Response of Corn Products to Soil Preparation, Seeding Rate, and Planting Depth



  • Late harvest and wet soils in the fall of 2018 prevented raised beds from being implemented in many fields. Fields that were muddy during harvest were rutted and had little or no opportunity for subsequent tillage to repair and prepare fields for spring 2019 planting. Spring rains further limited the opportunity for field preparation prior to planting and resulted in deteriorated seedbed conditions for fields that were prepared in the fall. For these reasons, many fields were planted into less than ideal field conditions.

  • Adequate drainage is necessary for maximum yield potential in the coastal Mid-South. Poor drainage can hamper stand establishment due to soil saturation.

  • The objective of this study was to evaluate stand establishment and yield of corn products to different soil preparation scenarios, planting depths, and seeding rates.



Location Scott, MS Planting Date 4/2/19
Soil Type Silt Loam Harvest Date 8/26/19
Previous Crop Cotton  Potential Yield
Tillage Type Varied Seeding Rate
32K, 37K

  • Two DEKALB® corn products (DKC67-44 brand and DKC70-27 brand) were chosen for this demonstration. There were no differences in yields or stand counts between treatments for either corn product; therefore, the data was combined.
  • 240 lb nitrogen was applied as 32% liquid UAN.
  • The trial included 16 treatments and was planted in strip plots: 12 rows x 600 feet long.
  • Treatments included:
    • Two seeding rates:
      • 32,000 seeds/acre
      • 37,000 seeds/acre
    • Two planting depths:
      • 1.25 inches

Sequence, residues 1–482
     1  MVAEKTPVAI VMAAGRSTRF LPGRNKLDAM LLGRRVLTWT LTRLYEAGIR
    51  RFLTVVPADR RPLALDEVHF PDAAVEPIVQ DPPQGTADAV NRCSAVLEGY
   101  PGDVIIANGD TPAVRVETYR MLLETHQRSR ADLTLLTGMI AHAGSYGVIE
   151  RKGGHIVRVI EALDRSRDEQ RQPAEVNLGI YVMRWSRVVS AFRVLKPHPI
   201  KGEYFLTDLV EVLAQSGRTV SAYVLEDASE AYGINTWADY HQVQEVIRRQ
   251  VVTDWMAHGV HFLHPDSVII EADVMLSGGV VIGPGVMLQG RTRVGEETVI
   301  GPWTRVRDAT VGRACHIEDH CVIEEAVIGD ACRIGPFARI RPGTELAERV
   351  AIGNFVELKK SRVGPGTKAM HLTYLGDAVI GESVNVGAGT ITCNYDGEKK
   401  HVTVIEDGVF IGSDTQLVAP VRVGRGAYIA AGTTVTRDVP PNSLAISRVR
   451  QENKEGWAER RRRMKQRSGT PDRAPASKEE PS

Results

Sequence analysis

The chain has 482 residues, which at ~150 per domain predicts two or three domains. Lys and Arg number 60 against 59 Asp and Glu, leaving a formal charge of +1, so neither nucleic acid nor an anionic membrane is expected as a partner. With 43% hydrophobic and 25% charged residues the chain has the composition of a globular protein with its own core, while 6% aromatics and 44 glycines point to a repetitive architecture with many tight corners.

• 2.5 inches
    • Four tillage operations:
      • No-till – Corn planted into standing, mown-off cotton stalks (Figure 1). 
      • Reduced tillage - Stale seedbed rehipped in the spring with minimal tillage (Figure 2).
      • Spring disk flat and plant flat – Conventional tillage without bedding but all done in the spring (Figure 3).
      • Spring disk flat and rehip – Harrow plowed flat and rebedded in spring (Figure 4).
  • All weed control, insect control, and irrigation inputs were applied per local standards on all treatments.
  • Stand counts were taken from 10 row feet per plot at full emergence.
  • Yields were harvested with a commercial combine and adjusted for 15.5% moisture.
  • All data was collected with 20/20 SeedSense® using the Climate FieldView™ platform app and complied from there



  • Notable effects were observed in the impact of field preparation on corn grain yield.
  • The primary influential factor in this study was drainage as influenced by tillage and row structure.
  • Drainage has long been acknowledged as a major limiting factor in the coastal U.S.  2019 was a year that clearly demonstrated these principals.
  • As much as a 30% difference in stand establishment was observed across land preparation treatments (Figure 7).  Stands were reduced in treatments with poor drainage, water logging, and the associated reduction in temperature (either planted flat or without much row structure as in the no-till treatment).
  • Yield in corn is highly corelated to final stands and that is evident in these results (Figure 6).  The highest yields in this trial were from the treatments with the best stand establishment, typically the stale seedbed, rehipped treatments (Figure 5 and 7).  Planting depth also played a part in establishing optimal stands.  Deeper planting depths typically yielded more across the trial (Figure 6).




  • Every attempt to optimize drainage should be made to help in establishing the best yield potential in southern corn crops.
  • Investments in seed and technology are optimally used when the factors in this study are carefully considered and incorporated into management systems.
  • Flat planting is not a viable option in the southern delta due to the topography, i.e. flat with little/no internal soil drainage.
  • Planting into standing cotton stalks should be weighed carefully and could require adjustments in seeding rates to optimize corn population establishment (ex: slight increases in seeding rates due to reduced establishment).
  • Beds, whether stale or newly formed, offered the best options for corn production at Scott, MS during 2019 and likely will offer a superior option into the future.
  • Corn yields are typically optimal with higher stands and establishing those stands requires consideration for tillage, row formation, and the associated drainage.



This browser is no longer supported. Please switch to a supported browser: Chrome, Edge, Firefox, Safari.